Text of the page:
This study reflects the recognition that too much of a good thing is not good. To be efficient and equitable, planning should strive to optimize vehicle travel: not too little and not too much. Planning reforms are justified to create more diverse and efficient transportation systems where people can meet their needs with less driving. To guide these reforms, some jurisdictions establish vehicle travel reduction targets. These help align individual planning decisions with strategic objectives. This report investigates why and how to implement such targets.
Cool Walkability Planning
This report investigates why and how to improve urban walkability in hot climate cities. Shadeways (covered sidewalks) and pedways (enclosed, climate controlled walkways) can can significantly improve pedestrian thermal comfort. Although these are more costly than basic sidewalks, they can greatly increase walkability and are far cheaper than motor vehicle costs. Analysis in this report indicates that pedway and shadeway networks can often repay their costs through economic savings and increased property values. The Cool Walkshed Index can help plan these facilities.
TDM Success Stories: Examples of Effective Transportation Demand Management Policies and Programs, and Keys to Their Success
Transportation Demand Management (TDM) refers to policies and programs that increase transportation system efficiency. Some people are skeptical; they claim that TDM is difficult and costly. This report describes examples of successful TDM programs, discusses how to evaluate their full benefits, and identifies keys to their success. These examples indicate that well-designed TDM policies and programs can provide many benefits to travellers and communities. When all impacts are considered, TDM is often the most cost-effective transportation improvement strategy.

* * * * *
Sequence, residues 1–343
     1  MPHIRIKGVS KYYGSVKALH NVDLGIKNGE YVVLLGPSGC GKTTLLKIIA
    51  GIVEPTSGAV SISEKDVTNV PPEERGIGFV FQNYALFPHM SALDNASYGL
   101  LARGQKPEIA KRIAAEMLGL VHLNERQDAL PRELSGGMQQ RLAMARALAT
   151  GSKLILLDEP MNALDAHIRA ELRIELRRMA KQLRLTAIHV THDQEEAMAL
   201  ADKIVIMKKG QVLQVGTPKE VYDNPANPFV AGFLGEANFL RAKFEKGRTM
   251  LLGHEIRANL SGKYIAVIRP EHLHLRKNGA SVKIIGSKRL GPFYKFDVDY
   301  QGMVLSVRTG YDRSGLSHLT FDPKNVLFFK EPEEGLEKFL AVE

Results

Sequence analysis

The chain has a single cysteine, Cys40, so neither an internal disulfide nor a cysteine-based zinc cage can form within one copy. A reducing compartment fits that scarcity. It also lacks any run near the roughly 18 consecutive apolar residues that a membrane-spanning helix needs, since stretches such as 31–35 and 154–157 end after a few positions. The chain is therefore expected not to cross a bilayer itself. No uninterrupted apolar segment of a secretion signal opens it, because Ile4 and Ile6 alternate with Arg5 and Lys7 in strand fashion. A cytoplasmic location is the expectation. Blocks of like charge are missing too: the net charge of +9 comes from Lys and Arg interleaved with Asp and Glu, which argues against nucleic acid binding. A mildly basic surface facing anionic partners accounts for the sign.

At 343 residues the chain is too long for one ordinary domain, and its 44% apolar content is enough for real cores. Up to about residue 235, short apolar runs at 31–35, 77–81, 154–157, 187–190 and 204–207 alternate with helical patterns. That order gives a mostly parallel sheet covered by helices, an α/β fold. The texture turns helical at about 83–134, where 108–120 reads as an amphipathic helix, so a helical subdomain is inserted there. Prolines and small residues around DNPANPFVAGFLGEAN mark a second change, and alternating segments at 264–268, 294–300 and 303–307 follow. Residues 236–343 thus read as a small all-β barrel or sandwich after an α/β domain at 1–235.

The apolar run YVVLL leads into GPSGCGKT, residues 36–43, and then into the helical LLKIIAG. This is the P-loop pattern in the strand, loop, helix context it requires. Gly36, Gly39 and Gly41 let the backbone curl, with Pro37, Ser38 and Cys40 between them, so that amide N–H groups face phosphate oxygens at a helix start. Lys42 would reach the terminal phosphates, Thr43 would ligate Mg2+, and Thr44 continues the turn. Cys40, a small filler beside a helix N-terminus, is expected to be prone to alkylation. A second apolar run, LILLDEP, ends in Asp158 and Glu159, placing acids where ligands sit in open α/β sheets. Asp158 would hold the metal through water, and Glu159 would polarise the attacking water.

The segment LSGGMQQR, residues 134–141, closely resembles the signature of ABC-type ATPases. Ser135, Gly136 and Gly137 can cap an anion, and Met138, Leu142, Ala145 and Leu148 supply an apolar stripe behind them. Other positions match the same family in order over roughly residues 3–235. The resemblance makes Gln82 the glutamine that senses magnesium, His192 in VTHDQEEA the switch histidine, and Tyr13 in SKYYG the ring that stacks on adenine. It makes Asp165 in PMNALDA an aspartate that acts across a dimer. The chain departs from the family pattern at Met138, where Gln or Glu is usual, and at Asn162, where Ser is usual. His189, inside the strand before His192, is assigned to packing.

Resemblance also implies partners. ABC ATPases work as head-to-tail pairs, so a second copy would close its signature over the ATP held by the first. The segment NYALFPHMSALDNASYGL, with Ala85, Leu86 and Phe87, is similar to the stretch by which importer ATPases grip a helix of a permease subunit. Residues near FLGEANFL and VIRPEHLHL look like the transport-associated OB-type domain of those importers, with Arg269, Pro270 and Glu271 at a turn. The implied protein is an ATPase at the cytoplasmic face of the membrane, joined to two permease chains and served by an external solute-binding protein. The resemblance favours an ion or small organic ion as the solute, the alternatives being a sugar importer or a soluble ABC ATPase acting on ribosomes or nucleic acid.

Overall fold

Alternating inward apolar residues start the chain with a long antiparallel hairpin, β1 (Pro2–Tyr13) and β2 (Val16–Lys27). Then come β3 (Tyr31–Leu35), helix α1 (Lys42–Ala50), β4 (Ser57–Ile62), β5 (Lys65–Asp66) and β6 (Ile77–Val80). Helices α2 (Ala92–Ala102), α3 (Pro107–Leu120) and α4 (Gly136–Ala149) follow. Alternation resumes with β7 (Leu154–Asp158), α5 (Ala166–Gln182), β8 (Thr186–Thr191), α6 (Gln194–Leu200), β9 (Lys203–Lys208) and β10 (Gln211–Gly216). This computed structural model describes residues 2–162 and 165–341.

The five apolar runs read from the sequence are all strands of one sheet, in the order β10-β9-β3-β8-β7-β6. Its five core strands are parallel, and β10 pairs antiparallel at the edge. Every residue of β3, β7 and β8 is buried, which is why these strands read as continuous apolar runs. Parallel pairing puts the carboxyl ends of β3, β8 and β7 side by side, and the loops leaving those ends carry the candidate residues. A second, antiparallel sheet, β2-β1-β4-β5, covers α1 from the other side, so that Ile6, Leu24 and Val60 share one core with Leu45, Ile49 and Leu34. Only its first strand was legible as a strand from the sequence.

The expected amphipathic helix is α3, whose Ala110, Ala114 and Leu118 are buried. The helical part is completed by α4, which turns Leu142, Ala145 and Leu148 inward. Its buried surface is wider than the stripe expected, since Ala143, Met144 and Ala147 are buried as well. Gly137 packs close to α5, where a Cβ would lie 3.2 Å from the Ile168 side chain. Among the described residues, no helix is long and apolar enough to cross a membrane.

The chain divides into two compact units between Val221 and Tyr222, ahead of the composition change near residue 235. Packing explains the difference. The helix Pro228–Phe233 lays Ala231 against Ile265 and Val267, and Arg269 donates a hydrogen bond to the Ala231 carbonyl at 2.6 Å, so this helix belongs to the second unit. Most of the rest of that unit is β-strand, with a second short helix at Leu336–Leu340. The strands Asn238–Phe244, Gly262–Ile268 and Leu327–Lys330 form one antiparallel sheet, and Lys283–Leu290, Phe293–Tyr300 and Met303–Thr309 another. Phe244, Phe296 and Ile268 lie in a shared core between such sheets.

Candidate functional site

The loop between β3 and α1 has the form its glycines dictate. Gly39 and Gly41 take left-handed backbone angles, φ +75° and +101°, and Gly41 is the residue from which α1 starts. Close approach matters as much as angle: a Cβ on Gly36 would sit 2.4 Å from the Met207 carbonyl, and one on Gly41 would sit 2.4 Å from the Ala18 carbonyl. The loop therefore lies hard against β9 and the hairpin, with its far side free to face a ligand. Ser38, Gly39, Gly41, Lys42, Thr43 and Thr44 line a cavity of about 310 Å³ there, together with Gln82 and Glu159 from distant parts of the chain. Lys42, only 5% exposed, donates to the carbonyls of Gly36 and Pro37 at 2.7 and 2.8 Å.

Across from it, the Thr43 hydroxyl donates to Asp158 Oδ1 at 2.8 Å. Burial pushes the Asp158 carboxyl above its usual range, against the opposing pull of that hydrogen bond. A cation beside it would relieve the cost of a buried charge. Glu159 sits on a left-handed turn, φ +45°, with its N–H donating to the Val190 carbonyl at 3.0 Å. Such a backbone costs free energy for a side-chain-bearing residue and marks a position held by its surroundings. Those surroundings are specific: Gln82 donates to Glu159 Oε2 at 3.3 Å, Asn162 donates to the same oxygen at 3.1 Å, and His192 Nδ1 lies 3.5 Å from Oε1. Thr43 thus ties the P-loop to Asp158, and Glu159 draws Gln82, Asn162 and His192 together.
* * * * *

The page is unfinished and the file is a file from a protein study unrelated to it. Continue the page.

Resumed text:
Provincial Policies for Achieving Transportation Emission Reduction Targets
British Columbia has ambitious goals to reduce greenhouse gas (GHG) emissions while also increasing affordability, social equity, public health and safety, and economic development. However, the province is not currently on track to achieve these goals. This report identifies provincial policies that can achieve these goals in ways that are cost effective and significantly benefit most residents.
Racism and Colonialism in Geography Textbooks, 1820s to 1950s
Geography textbooks introduce children to foreign lands and people, and so leave a durable legacy on our understanding of the world. This study analyzes descriptions of race and culture from typical school geography textbooks published between 1826 and 1955. It reprints selected texts and images, analyzes how their narratives changed over time, and discusses their impacts. Early books categorized race and culture using methods modelled after biological taxonomies, giving them a veneer of scientific objectivity. They identified various races which were categorized according to various "stages of society." They were overtly racist -- they claimed that some races and cultures are superior to others -- and colonialist -- they claimed that European imperialism was benevolent and beneficial overall. These racist and colonialist narratives declined over time and later books promoted racial inclusivity and multiculturalism.